Bits of Bias
University of California, Los Angeles (UCLA) - School of Law
December 4, 2011
IMPLICIT BIAS ACROSS THE LAW, Justin Levinson, Robert Smith, eds., Oxford University Press, 2012
UCLA School of Law Research Paper No. 11-40
Scientists have demonstrated that implicit biases are pervasive, large in magnitude, and have real-world consequences. What can we do about them? One principal strategy is to decrease the implicit bias in our minds (the other is to disrupt their causal link to behavior). In order to decrease bias, we should understand where they come from in the first place. Put crudely, is it nature nurture? I argue that it’s mostly nurture, and of a specific sort – via vicarious experiences with outgroups mediated by electronic media. These vicarious interactions, fed to us via entertainment, news, social media, and computer mediated-communities, strengthen particular mental associations. If these vicarious experiences are indeed a substantial source of implicit bias, what might policymakers do, in the shadow of the First Amendment?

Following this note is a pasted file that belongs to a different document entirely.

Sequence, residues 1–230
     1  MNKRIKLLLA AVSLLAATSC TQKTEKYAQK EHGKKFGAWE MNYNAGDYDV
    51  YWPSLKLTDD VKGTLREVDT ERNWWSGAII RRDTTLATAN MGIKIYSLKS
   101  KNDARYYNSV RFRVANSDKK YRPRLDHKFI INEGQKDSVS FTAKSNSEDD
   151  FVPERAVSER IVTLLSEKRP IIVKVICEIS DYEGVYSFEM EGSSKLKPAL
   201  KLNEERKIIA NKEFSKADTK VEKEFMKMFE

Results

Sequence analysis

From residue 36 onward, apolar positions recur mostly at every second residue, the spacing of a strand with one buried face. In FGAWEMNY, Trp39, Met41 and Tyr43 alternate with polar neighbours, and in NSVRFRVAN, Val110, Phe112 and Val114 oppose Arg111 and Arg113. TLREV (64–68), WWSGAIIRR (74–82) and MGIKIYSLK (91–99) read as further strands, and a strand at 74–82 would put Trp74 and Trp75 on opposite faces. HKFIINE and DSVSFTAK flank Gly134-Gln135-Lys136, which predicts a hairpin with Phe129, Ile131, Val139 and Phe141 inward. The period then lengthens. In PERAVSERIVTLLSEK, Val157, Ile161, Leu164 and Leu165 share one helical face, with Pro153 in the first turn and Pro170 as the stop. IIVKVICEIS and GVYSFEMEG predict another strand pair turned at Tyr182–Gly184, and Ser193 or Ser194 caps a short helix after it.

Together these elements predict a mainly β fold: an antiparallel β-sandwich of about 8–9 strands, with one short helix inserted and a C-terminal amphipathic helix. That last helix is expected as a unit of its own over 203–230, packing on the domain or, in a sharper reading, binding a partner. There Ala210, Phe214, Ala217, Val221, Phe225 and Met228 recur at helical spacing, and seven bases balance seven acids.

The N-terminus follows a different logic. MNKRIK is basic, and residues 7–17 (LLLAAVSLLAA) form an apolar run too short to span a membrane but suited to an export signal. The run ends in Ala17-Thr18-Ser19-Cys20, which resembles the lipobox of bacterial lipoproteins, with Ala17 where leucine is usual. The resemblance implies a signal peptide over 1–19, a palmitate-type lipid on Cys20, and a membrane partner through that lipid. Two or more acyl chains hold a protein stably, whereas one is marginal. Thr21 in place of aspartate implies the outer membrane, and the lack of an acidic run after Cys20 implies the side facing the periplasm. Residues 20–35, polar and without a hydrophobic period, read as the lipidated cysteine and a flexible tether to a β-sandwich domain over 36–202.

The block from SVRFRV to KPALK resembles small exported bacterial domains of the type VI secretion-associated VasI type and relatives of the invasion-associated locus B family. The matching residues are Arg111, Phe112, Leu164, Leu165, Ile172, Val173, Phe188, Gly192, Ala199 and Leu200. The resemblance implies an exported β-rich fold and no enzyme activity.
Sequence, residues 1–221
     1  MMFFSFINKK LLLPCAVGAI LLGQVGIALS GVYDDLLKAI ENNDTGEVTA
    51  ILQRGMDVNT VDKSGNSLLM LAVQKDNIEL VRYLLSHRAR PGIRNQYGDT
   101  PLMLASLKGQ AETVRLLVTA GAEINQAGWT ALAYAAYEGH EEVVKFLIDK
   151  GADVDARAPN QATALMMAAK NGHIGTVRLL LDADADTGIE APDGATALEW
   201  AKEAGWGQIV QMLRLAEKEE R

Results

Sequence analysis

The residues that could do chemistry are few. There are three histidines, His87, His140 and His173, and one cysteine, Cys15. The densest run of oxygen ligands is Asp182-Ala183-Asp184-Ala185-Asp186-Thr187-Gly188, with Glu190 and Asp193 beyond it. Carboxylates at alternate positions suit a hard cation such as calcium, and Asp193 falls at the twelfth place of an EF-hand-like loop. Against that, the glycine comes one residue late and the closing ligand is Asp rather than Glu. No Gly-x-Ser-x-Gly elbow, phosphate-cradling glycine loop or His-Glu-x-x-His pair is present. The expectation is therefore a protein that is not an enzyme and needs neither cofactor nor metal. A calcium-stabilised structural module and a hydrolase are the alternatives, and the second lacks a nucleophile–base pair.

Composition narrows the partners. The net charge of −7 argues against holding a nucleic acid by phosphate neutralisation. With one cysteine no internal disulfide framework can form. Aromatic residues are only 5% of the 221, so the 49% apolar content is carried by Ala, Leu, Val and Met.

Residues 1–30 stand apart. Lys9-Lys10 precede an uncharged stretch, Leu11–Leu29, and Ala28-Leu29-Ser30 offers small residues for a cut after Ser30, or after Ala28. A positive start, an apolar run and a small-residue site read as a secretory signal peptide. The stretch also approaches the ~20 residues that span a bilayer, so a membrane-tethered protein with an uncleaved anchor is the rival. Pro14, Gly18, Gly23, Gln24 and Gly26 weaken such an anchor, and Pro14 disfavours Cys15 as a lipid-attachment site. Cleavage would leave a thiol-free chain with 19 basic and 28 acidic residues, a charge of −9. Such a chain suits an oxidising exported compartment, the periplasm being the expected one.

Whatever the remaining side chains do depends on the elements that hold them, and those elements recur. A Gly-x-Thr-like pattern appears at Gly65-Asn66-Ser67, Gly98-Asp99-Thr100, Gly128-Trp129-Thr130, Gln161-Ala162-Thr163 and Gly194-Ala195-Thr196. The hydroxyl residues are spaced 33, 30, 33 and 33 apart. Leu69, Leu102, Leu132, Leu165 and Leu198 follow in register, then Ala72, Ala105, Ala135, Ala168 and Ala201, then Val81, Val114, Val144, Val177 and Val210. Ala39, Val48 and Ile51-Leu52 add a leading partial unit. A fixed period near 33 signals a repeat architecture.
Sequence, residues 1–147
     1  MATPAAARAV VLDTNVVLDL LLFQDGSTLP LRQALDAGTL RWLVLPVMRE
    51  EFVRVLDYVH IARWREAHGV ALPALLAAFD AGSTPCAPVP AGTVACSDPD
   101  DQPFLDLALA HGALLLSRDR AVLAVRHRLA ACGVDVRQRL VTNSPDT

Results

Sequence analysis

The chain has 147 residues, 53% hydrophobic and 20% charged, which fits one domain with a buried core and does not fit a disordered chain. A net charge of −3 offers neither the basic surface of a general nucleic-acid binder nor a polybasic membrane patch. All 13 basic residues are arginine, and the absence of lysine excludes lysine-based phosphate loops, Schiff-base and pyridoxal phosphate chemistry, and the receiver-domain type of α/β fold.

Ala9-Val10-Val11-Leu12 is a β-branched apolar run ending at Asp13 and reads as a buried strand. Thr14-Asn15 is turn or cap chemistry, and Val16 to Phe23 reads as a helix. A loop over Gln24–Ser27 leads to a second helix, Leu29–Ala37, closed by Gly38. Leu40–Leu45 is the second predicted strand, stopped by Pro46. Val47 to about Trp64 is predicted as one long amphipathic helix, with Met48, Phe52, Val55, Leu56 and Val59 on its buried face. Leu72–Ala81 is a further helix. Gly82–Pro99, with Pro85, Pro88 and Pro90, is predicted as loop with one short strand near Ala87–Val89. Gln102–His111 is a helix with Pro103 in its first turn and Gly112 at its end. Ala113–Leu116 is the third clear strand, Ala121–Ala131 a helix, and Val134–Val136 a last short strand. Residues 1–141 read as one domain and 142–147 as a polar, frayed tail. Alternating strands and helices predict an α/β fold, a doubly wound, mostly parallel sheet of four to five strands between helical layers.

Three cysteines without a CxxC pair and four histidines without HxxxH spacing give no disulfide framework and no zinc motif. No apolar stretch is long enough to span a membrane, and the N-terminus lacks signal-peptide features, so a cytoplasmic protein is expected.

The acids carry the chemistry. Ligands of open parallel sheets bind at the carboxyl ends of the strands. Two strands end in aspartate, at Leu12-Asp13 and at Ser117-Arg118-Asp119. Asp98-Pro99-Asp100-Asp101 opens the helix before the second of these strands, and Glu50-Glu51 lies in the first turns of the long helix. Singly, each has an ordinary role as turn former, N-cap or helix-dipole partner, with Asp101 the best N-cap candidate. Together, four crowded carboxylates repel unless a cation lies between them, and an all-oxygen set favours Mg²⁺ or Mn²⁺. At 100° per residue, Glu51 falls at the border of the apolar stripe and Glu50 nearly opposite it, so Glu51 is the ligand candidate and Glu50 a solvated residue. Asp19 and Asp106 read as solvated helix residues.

Number of Pages in PDF File: 18
Keywords: implicit bias, virtual worlds, media, social contactAccepted Paper Series
Date posted: December 5, 2011 ; Last revised: January 9, 2012
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